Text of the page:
higher 0.1.0

Higher kinded types, in a way

This crate implements a mechanism to fake higher kinded types in a limited way in Rust with a minimum of boilerplate.

But Why?

If you ever had a trait T<A> and wanted to swap the type parameter out in a generic way to produce a type T<B> in the trait's type signatures, there's no straightforward way to do this currently in Rust, because this would require Rust's type system to support higher kinded types. It can deal with T<A> but it can't deal with the concept of just T where the type parameter is yet unspecified (what's known as a type constructor - think of it as a function which takes a type parameter, like A, and returns a concrete type T<A>).

higher provides the trait Lift which, when given a type T<A> which implements Lift<A, B>, will let you derive the concrete type T<B>. This needs to be implemented for any T<A> which needs Lifting, but the higher-derive crate provides a custom derive for it, so that you can quickly add it to your own types without boilerplate:

enum MyLittleOption<A> {

Now, to convert from T<A> to T<B>, you can get the Target1 associated type out of the Lift trait:

<MyLittleOption<A> as Lift<A, B>>::Target1
// this resolves to MyLittleOption<B>

There is also the Lift3<A, B, C> trait, which is also generated by the Lift derive, which lets you go from T<A> to both T<B> and T<C> in one go. This is useful if you need an intermediate type in one of your type signatures, for instance a zip or merge function: Fn(T<A>, T<B>) -> T<C>.

Here is how to use the above example type with Lift3:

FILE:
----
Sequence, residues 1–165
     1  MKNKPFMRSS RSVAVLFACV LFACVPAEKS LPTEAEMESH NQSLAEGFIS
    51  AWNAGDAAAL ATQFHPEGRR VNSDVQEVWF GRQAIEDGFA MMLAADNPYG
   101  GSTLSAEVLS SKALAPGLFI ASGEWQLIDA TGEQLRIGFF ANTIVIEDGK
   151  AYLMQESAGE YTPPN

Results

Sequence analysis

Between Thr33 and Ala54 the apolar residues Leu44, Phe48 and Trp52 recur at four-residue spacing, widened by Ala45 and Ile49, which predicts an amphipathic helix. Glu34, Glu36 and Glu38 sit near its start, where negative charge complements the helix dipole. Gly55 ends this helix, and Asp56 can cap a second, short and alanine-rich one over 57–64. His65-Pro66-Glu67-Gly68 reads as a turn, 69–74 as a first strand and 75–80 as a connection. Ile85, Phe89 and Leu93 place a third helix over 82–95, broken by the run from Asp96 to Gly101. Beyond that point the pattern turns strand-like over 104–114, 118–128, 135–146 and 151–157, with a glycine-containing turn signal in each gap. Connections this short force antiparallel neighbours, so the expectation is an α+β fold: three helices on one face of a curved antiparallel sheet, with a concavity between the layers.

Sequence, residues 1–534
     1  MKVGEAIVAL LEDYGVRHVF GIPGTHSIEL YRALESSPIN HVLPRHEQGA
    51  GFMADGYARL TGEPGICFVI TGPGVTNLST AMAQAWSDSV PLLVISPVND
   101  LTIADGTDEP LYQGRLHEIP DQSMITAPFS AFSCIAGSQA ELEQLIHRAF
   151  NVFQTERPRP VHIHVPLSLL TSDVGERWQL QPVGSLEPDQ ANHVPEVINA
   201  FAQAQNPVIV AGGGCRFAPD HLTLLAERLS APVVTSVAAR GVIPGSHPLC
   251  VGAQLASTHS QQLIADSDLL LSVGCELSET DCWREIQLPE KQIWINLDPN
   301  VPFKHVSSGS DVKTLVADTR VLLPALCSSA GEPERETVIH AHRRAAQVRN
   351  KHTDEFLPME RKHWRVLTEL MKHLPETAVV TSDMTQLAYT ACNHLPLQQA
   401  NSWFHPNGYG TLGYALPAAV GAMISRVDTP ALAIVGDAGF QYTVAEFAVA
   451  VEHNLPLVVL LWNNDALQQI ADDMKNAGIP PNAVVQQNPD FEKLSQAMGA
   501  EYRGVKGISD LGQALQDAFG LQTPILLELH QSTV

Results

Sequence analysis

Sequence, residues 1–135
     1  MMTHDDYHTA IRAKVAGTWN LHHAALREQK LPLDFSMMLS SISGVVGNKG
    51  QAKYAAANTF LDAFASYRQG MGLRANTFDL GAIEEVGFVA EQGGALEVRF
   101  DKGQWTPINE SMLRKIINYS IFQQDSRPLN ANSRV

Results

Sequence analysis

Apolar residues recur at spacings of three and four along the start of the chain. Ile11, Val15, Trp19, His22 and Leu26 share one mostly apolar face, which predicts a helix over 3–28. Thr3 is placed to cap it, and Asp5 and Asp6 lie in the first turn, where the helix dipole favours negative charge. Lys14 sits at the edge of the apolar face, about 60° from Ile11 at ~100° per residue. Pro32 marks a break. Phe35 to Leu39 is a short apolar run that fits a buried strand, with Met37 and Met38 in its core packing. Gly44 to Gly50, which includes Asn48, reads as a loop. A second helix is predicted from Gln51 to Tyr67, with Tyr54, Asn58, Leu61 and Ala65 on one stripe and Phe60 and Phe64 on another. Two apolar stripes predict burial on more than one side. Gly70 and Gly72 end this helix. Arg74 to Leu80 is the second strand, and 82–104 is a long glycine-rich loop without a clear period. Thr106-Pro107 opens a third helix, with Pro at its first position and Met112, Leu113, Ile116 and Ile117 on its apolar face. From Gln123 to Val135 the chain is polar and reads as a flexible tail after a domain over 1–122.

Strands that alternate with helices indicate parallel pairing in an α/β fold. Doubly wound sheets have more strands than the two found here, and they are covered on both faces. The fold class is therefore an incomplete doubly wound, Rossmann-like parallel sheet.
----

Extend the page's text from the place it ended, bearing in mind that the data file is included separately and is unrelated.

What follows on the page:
<MyLittleOption<A> as Lift3<A, B, C>>::Target2
// this resolves to MyLittleOption<B>
<MyLittleOption<A> as Lift3<A, B, C>>::Target1
// this resolves to MyLittleOption<C>

// the numbers go from right to left, so Target1 = C and Target2 = B.

Further, there's the Bilift<A, B, C, D> trait, for when you have two type parameters to generalise over. This one takes you from T<A, B> to T<C, D>. There's no corresponding Bilift3 trait as yet, because I haven't found a practical need for it yet.

There's a corresponding derive for Bilift:

enum MyLittleResult<A, E> {

And, to get the derived type out of the Bilift:

<MyLittleResult<A, B> as Bilift<A, B, C, D>>::Target1
// this resolves to MyLittleResult<C, D>

Yes, But Why, Really?

Because sometimes one just gets homesick for Haskell and wants to implement the Functor hierarchy. You'll find this in the higher-cat crate. It's not really very suited for writing good Rust code, but it makes Haskell programmers feel happy and it has a lot of funny words.